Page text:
Tesla's Powerwall will not piss off your utility company

The headlines over Tesla'a Powerwall have been nothing short of hyperbole: Tesla just made nuclear power obsolete. Elon Musk just seriously pissed off your utility company. Your whole concept of electricity has been turned upside down.

Let's do numbers for a bit. The high-end Powerwall is a 10kWh battery. If you have solar, this is what's meant to keep you going between dusk and dawn. And to illustrate the beauty of this new battery, we see this image of a Powerwall in a garage with a Tesla Model S:

Image Credit: Tesla/EboMike
A Tesla! Now let's see. On winter solstice in San Diego, the sun sets at 4:47pm and rises again at 6:48am. So we have over 14 hours without sunlight, i.e. without electricity from solar panels. And that's actually mild - Seattle would be 4:21pm until 7:56am, over 15 1/2 hours!

Tesla's own website says that a single refrigerator takes 1.6kWh per day, so 14 hours would be 1kWh. Since the sun sets early, you'll have lights running for a while. And a TV. Maybe you'll nuke some food with your 1100W microwave. Better not run the clothes dryer!

Adding everything up, you'll probably still end up under 10kWh, which is nice. But what about your EV? My puny Volt eats up 10kWh if I were to use a full charge. But this picture here shows a Tesla with a 85kWh battery, so if you happened to deplete it, you'd need 8 Powerwalls just for the car alone!

Chances are that if you work a 9-to-5 job, you'll arrive at home after 4:47pm, and you'll leave for work before 7, so charging your car will be entirely up to the Powerwall, which is completely and utterly incapable of doing that. Or, assuming you don't drive to much, it is, at the expense of having refrigerated food.

Look at how much energy my solar system generated in December 2014:


2.40kWh over 24 hours on a rainy day! Yeah, there's this thing. It sometimes rains in California in winter, and on those days you won't get much solar energy. Over the year, we're generating more than we use, but that's over the course of 12 months, not a single day.

I love the idea of a Powerwall. I'd love to get off the grid entirely and just take care of our own needs. Especially because of the ridiculous fact that SDG&E will leave us in the dark if there is a power outage, even during broad daylight when we're generating our own electricity.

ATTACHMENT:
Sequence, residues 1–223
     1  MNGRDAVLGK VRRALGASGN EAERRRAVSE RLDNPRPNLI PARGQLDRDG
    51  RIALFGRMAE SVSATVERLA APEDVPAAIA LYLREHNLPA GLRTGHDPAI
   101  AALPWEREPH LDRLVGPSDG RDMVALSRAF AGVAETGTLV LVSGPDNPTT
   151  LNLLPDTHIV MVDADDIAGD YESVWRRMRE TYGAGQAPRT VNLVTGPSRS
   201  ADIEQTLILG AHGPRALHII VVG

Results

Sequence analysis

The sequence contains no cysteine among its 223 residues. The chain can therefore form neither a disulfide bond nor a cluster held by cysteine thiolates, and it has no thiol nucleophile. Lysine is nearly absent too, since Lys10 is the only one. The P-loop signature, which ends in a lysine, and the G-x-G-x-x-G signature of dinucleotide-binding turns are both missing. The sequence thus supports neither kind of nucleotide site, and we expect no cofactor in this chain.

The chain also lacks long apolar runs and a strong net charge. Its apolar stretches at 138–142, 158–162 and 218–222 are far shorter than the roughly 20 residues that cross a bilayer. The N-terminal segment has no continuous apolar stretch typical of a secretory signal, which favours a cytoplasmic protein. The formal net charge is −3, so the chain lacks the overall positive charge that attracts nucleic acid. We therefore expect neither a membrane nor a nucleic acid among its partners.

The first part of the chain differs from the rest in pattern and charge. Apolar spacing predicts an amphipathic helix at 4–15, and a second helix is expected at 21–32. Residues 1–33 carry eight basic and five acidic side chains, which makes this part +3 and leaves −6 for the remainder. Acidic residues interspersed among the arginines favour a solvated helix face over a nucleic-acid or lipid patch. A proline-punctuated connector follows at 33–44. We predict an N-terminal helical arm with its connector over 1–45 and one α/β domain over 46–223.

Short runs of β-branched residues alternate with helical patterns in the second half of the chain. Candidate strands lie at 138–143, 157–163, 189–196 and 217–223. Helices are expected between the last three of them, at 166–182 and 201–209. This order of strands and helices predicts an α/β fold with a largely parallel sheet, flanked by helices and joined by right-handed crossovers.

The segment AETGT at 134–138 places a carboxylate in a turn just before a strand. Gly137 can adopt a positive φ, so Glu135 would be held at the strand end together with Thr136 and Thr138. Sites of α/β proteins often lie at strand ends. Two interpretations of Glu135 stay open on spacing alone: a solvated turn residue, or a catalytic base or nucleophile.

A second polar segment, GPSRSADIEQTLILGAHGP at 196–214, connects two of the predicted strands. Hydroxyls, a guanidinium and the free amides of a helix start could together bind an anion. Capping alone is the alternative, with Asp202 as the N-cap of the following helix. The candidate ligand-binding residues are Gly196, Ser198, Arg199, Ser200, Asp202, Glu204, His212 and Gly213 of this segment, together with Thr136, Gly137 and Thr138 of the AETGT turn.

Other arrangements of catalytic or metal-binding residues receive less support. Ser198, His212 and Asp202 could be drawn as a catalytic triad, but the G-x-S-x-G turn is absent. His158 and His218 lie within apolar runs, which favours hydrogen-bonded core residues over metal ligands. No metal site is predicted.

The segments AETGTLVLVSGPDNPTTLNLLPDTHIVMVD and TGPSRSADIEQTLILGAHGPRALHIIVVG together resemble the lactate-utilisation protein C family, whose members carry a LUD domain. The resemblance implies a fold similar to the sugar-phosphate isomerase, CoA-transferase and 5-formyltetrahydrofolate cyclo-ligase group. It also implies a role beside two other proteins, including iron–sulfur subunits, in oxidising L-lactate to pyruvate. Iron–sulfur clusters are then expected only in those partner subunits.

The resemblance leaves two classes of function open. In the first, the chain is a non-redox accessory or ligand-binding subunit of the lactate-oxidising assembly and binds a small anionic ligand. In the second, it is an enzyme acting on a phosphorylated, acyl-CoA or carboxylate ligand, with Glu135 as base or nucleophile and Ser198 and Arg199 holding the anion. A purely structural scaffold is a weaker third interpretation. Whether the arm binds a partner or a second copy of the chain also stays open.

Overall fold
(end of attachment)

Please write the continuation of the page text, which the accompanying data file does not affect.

However, the Powerwall is not the tool for that. It's a step in the right direction, but it's not the solution yet. In winter, the solar panels don't create enough to sustain the daily consumption, so you'd have to draw from the utility company.

If you have an EV, it's completely out of the question. A Tesla in particular would take its big 40A straw and suck the Powerwall dry like a milkshake.

And there's the other problem - the Powerwall isn't really designed to be constantly filled and emptied - it's meant to go through no more than 50 charging cycles per year, according to a SolarCity spokesman.

At best, it's a tool for non-solar users to avoid using electricity during peak hours, which is great. But why not go solar then? That's more economical in the long run, and more environmentally friendly.

Don't get me wrong - I'm a huge Tesla fan, and I can't wait to get off the grid. But a 10kWh battery in the garage isn't going to get you there. Maybe in a California summer if you don't have an EV. But over the course of an entire year? No.

Comments

Mellzah said…
It wouldn't be an ideal situation, but if you were looking to get entirely off grid with your home and had an EV, couldn't you do a partial charge at home and supercharge at a station?
Michael Krehan said…
Depends on the circumstances. Some companies like Google have chargers for their employees to use free of charge, so in those cases, it would feasible. In general though, charging stations are few and far between - check plugshare.com. Plus, logistically it's a bit odd - how do you do it? Do you spend an hour every day driving to a charging station to fill up your car?

It's particularly bad with a car like the Volt, the range is so small that you essentially have to charge it every day.

But again, the whole EV aspect isn't even the biggest issue - even without one, you wouldn't be able to get off the grid in winter.
Santokes said…
Get your studio to provide chargers.

Mine does and I don't even have an EV. So I just plug my battery into the EV chargers and leave it for the day. When the sparks die down that's when I know my car is ready.

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